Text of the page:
The student debt loan situation in America is something that is drastially underplayed in the media in its effects on the nation currently and its future in the coming years. Not being as sexy of a topic as war or racial issues, it will slowly but surely corrode our values and culture. Being a member of the millennial generation that has some decently strong sense of fiscal responsibility and awareness, I am torn as to my feelings on this. I think one thing is for certain – this is a crisis and it is not being treated as such. It is being pooh-poohed away as the problems of a bunch of idiot liberal arts majors with stars in their eyes. However this is not my experience at all. Much of this can be taken as weak anecdotal evidence to be sure, but it may help cast some light on some of the people under this debt burden.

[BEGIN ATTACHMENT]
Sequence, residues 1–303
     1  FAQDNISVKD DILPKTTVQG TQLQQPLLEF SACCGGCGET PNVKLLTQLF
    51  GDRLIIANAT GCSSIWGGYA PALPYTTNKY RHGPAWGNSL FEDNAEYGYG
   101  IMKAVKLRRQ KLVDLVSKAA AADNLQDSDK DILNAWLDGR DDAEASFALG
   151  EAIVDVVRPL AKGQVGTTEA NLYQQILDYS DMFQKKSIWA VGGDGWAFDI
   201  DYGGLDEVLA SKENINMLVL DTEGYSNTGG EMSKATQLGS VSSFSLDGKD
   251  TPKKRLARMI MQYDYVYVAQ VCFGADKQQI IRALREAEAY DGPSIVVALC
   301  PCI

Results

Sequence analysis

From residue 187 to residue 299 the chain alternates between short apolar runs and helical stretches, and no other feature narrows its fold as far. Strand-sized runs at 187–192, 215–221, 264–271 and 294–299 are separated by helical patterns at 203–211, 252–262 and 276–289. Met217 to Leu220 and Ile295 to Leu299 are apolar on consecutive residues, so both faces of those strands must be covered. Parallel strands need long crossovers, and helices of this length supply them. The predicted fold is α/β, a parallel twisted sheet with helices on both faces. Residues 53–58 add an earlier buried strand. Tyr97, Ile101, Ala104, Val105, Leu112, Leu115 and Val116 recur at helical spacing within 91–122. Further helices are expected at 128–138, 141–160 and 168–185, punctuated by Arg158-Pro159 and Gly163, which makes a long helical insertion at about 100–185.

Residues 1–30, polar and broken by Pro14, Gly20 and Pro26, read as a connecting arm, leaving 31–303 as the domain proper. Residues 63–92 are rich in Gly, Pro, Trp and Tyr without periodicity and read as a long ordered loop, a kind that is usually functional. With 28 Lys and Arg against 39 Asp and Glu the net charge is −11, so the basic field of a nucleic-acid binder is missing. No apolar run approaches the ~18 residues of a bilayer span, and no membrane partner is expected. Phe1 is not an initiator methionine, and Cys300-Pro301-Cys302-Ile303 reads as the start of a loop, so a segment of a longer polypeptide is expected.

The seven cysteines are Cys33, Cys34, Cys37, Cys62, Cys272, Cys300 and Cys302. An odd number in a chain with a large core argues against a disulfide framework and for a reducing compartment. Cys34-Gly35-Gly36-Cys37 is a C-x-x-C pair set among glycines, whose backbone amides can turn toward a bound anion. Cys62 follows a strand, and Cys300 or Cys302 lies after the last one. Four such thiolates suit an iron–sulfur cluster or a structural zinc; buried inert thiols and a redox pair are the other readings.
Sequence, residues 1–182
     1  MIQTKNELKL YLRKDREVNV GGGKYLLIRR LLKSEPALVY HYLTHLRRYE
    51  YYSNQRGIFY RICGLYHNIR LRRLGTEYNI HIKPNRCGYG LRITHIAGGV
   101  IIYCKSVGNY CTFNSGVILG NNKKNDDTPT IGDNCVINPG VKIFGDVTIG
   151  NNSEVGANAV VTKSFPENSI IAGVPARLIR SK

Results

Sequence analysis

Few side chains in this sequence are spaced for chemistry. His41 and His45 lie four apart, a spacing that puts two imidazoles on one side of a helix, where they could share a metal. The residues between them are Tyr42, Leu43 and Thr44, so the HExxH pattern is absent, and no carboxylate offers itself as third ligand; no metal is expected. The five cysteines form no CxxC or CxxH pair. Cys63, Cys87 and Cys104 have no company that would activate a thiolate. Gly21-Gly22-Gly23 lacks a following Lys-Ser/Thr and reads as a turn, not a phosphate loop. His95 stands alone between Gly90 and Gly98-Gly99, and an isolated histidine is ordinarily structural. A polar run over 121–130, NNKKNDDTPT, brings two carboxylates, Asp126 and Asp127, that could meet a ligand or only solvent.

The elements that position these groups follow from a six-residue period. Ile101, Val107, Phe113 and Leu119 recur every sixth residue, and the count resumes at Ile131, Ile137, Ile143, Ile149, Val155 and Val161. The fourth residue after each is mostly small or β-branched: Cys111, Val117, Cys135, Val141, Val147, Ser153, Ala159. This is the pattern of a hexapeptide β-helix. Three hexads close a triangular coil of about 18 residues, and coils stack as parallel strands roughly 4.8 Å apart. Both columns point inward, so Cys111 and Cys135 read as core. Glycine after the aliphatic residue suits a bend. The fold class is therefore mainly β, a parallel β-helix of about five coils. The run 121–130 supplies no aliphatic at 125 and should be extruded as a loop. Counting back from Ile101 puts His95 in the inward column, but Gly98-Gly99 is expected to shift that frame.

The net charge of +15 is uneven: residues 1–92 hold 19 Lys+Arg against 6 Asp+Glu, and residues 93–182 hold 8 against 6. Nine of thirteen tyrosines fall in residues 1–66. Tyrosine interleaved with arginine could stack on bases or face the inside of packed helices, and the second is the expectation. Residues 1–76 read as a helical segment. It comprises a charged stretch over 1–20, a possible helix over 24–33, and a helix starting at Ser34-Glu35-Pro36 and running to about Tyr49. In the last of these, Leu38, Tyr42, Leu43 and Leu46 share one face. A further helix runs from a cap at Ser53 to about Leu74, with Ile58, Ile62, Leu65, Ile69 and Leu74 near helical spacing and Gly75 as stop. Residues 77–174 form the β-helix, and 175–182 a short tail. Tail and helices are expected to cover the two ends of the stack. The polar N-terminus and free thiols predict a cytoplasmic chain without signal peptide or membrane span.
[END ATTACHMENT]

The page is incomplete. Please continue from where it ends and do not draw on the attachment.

I grew up in a purely middle class household, we never wanted for anything and went on yearly vacations, received a $5,000 beater truck for my 17th birthday and worked every summer to earn spending money for the year. My high school had a College Services office with a staff of 2 and 180 high performing NYC Magnet school students applying to anywhere from 5-15 schools each. The year prior they had sent all of the Boston University applications to Boston College, so while we were supremely desirable candidates my lack faith made me take the process of applying into my own hands. My parents were no better guidance in this realm and they pushed me to go to the best private university I was capable of attaining. No mention of money ever occurred. For a 17 year old who has always had free schooling and subsidized school lunches, why would I suddenly be capable of understanding the stratospheric costs of 4 years room and board and education? I played video games and ping pong roughly 40 hours a week and failed every math course I ever took.